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CAPE CANAVERAL, Fla. – Inside the Prototype Laboratory at NASA's Kennedy Space Center in Florida, Evan Williams, left, an Education intern from the University of Central Florida, and Anthony Bharrat, NASA avionics lead, prepare the experiment container for NASA's Exposing Microorganisms in the Stratosphere, or E-MIST, experiment. In the background is David J. Smith, Ph.D., NASA E-MIST principal investigator. The container was designed and built at Kennedy. The 80-pound structure features four doors that rotate to expose up to 10 microbial samples each for a predetermined period of time in the Earth's stratosphere.    The E-MIST experiment will launch on the exterior of a giant scientific balloon gondola at about 8 a.m. MST on Aug. 24 from Ft. Sumner, New Mexico. It will soar 125,000 feet above the Earth during a 5-hour journey over the desert to understand how spore-forming bacteria, commonly found in spacecraft assembly facilities can survive. Photo credit: NASA/Kim Shiflett KSC-2014-4326

CAPE CANAVERAL, Fla. – Inside the Prototype Laboratory at NASA's Kennedy Space Center in Florida, Evan Williams, left, an Education intern from the University of Central Florida, and Anthony Bharrat, NASA avionics lead, prepare the experiment container for NASA's Exposing Microorganisms in the Stratosphere, or E-MIST, experiment. In the background is David J. Smith, Ph.D., NASA E-MIST principal investigator. The container was designed and built at Kennedy. The 80-pound structure features four doors that rotate to expose up to 10 microbial samples each for a predetermined period of time in the Earth's stratosphere. The E-MIST experiment will launch on the exterior of a giant scientific balloon gondola at about 8 a.m. MST on Aug. 24 from Ft. Sumner, New Mexico. It will soar 125,000 feet above the Earth during a 5-hour journey over the desert to understand how spore-forming bacteria, commonly found in spacecraft assembly facilities can survive. Photo credit: NASA/Kim Shiflett KSC-2014-4326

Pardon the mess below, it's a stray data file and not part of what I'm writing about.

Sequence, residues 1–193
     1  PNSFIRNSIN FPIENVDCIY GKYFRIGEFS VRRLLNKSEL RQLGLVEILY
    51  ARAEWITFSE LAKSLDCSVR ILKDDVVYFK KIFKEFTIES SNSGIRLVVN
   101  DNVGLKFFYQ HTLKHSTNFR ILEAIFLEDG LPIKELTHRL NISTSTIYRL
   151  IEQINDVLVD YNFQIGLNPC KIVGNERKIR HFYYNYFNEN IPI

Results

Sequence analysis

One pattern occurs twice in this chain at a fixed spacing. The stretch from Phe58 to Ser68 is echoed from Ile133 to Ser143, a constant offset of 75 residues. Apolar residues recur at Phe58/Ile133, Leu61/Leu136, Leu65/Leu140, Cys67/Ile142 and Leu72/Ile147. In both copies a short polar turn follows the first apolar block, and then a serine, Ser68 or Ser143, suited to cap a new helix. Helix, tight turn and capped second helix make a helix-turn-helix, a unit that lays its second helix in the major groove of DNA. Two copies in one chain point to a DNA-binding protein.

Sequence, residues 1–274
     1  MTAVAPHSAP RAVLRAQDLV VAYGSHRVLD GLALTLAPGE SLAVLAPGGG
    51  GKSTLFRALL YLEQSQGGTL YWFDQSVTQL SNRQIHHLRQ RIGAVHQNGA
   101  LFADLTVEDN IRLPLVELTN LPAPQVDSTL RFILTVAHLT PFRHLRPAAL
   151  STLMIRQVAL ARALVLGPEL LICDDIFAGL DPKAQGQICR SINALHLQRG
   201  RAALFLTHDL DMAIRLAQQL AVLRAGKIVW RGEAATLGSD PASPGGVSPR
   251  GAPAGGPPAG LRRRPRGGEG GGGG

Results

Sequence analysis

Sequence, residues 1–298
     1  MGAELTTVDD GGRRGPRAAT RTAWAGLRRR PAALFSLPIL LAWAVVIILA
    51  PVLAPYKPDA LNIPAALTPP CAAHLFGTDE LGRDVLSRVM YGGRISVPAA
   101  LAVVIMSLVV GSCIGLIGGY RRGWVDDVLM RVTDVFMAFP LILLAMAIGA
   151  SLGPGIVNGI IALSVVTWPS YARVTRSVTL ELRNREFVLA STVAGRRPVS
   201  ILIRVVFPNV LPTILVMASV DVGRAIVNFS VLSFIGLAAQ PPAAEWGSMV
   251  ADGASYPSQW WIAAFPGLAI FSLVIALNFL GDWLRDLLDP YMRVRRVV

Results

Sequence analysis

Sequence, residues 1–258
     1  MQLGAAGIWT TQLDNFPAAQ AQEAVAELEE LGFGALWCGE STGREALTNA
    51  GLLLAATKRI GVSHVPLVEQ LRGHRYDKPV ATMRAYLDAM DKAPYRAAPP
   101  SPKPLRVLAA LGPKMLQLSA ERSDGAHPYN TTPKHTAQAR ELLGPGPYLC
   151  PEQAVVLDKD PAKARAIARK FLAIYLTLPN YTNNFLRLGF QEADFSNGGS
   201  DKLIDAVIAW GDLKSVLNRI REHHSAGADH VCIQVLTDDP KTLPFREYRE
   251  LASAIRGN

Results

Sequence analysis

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CAPE CANAVERAL, Fla. – Inside the Prototype Laboratory at NASA's Kennedy Space Center in Florida, Evan Williams, left, an Education intern from the University of Central Florida, and Anthony Bharrat, NASA avionics lead, prepare the experiment container for NASA's Exposing Microorganisms in the Stratosphere, or E-MIST, experiment. In the background is David J. Smith, Ph.D., NASA E-MIST principal investigator. The container was designed and built at Kennedy. The 80-pound structure features four doors that rotate to expose up to 10 microbial samples each for a predetermined period of time in the Earth's stratosphere. The E-MIST experiment will launch on the exterior of a giant scientific balloon gondola at about 8 a.m. MST on Aug. 24 from Ft. Sumner, New Mexico. It will soar 125,000 feet above the Earth during a 5-hour journey over the desert to understand how spore-forming bacteria, commonly found in spacecraft assembly facilities can survive. Photo credit: NASA/Kim Shiflett

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Date

24/07/2014
place

Location

Kennedy Space Center, FL
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NASA
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Public Domain Dedication (CC0)

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